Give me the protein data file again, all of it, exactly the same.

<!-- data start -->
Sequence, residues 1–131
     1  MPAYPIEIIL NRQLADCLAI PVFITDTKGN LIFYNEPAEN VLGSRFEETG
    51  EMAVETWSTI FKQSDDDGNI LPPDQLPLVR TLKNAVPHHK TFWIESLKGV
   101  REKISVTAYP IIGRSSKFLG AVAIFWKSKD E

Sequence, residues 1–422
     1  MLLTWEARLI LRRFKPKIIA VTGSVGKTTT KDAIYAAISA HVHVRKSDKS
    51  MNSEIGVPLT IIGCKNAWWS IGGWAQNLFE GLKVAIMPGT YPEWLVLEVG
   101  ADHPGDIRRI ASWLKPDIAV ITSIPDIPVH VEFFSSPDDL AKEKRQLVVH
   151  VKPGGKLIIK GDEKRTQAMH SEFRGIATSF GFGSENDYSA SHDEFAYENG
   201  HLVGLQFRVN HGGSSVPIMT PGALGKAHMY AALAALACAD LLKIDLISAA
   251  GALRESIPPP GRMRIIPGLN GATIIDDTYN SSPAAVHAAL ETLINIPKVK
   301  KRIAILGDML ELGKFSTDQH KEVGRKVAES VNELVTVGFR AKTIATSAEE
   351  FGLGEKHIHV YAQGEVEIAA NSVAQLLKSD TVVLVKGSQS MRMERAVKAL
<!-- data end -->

Sequence, residues 1–131
     1  MPAYPIEIIL NRQLADCLAI PVFITDTKGN LIFYNEPAEN VLGSRFEETG
    51  EMAVETWSTI FKQSDDDGNI LPPDQLPLVR TLKNAVPHHK TFWIESLKGV
   101  REKISVTAYP IIGRSSKFLG AVAIFWKSKD E

Sequence, residues 1–422
     1  MLLTWEARLI LRRFKPKIIA VTGSVGKTTT KDAIYAAISA HVHVRKSDKS
    51  MNSEIGVPLT IIGCKNAWWS IGGWAQNLFE GLKVAIMPGT YPEWLVLEVG
   101  ADHPGDIRRI ASWLKPDIAV ITSIPDIPVH VEFFSSPDDL AKEKRQLVVH
   151  VKPGGKLIIK GDEKRTQAMH SEFRGIATSF GFGSENDYSA SHDEFAYENG
   201  HLVGLQFRVN HGGSSVPIMT PGALGKAHMY AALAALACAD LLKIDLISAA
   251  GALRESIPPP GRMRIIPGLN GATIIDDTYN SSPAAVHAAL ETLINIPKVK
   301  KRIAILGDML ELGKFSTDQH KEVGRKVAES VNELVTVGFR AKTIATSAEE
   351  FGLGEKHIHV YAQGEVEIAA NSVAQLLKSD TVVLVKGSQS MRMERAVKAL